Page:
Sensitising managers and leaders: Since they hold the staff for taking the organisation ahead, especially in turbulent times. ‘How to lead a team with members across generations’ is a learning module that organisations must learn to invest in – incorporating elements like empathy, situational leadership and leaving one’s ego behind. Practices such as encouraging Reverse Mentoring, where a younger person is paired with a senior person, and nurturing a value-based working environment that recognises diversity as key. Fostering respect for different working styles, and removing unconscious bias is critical.

Providing a ‘safe space’: Employees when confronted with challenging views, especially those from senior leadership, or individuals of a different generation from that theirs may tend to shun their voices and muffle their ideas. Leaders must create the much-needed safe space within teams and at an organisational level for all employees to come forth, voice themselves and challenge the status quo.

Talent retention by an individualised approach benefits program: Talent across generations are looking for different kinds of benefits which appeal to their lifestyles. Gen X may be looking for better retirement benefits or even post-retirement awareness sessions, whereas Gen Z may be looking for career breaks, quicker moves across roles, capability building around the aspects of money and investment, and so on. Organisations hence have to offer tailor-made benefits programs to their employees’ basis career and life stage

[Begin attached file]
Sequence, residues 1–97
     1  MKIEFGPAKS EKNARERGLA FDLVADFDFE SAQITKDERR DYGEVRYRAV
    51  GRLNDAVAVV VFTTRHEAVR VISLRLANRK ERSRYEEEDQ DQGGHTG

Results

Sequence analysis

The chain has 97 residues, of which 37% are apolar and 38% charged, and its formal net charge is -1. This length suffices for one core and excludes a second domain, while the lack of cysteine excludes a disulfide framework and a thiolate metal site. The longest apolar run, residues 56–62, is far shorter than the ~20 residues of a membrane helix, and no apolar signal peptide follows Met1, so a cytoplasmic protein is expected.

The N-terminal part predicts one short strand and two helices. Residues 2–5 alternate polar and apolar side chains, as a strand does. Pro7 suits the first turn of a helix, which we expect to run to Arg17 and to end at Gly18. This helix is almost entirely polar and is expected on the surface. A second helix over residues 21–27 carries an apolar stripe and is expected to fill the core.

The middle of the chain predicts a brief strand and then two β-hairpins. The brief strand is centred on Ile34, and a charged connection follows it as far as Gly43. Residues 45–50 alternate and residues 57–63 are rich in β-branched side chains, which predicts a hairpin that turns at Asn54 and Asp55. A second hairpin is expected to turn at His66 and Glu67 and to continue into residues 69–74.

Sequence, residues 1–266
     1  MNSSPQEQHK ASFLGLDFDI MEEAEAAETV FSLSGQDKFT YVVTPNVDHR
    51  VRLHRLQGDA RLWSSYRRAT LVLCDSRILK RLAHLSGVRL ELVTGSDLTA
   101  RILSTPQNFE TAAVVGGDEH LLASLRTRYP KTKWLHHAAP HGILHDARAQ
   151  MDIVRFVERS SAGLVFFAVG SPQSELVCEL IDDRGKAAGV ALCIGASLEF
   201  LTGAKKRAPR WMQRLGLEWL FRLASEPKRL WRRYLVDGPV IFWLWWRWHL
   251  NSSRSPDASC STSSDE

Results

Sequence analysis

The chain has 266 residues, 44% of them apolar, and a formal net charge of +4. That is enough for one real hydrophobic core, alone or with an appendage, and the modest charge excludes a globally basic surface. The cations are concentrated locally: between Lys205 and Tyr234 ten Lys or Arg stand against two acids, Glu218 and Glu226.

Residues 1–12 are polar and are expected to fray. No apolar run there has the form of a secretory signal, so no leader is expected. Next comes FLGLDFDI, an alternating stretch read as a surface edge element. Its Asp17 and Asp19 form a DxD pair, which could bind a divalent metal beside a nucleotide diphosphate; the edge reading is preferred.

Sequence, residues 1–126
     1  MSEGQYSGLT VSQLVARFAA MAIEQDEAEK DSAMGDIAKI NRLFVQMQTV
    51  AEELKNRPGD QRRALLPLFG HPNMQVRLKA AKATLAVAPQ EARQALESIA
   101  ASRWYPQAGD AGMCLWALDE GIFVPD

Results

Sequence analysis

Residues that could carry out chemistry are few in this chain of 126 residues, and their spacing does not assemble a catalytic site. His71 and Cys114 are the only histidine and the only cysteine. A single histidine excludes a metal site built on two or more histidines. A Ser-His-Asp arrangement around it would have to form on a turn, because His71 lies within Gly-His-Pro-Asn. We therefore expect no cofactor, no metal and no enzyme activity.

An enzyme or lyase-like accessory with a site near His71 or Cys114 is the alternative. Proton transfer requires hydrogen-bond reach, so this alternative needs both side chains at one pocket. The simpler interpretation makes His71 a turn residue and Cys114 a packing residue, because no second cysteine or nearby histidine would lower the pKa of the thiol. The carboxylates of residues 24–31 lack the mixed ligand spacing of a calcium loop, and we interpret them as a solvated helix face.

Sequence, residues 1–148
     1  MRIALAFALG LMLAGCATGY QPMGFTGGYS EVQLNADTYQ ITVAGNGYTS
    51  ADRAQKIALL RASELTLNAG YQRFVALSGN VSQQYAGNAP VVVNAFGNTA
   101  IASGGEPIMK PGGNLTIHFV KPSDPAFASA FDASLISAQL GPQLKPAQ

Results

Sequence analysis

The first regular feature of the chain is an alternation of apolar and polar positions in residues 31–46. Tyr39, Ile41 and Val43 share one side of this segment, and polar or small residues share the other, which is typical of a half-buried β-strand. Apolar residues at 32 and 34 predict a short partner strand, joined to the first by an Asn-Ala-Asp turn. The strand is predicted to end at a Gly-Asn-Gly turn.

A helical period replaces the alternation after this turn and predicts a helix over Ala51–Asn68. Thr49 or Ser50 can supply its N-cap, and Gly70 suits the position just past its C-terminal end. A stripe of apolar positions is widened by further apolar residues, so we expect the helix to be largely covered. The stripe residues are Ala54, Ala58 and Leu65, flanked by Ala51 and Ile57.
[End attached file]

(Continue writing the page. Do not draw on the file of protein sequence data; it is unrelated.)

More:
Building collaborative relationships: This being the elephant in the room, organisations have to continue investing in effective Organisational Development (OD) techniques for enhancing the self-understanding of leaders and the ability to work through others. Given the difference in the needs and wants of the different generations, it becomes important for organisations to bridge the gap, creating multigenerational opportunities. The idea is to co-exist by building respect and healthy camaraderie in line with the organisation’s values.

A people-first policy and the ability to embrace a multitude of perspectives are key to managing a multigenerational workforce. Generational differences across teams and organisations can be used as a tool for growth. Managing these differences, while also encouraging inclusivity, is important for an effective organisation; but this is a constant work in progress.

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Topics: Strategic HR, Employee Relations, Employee Engagement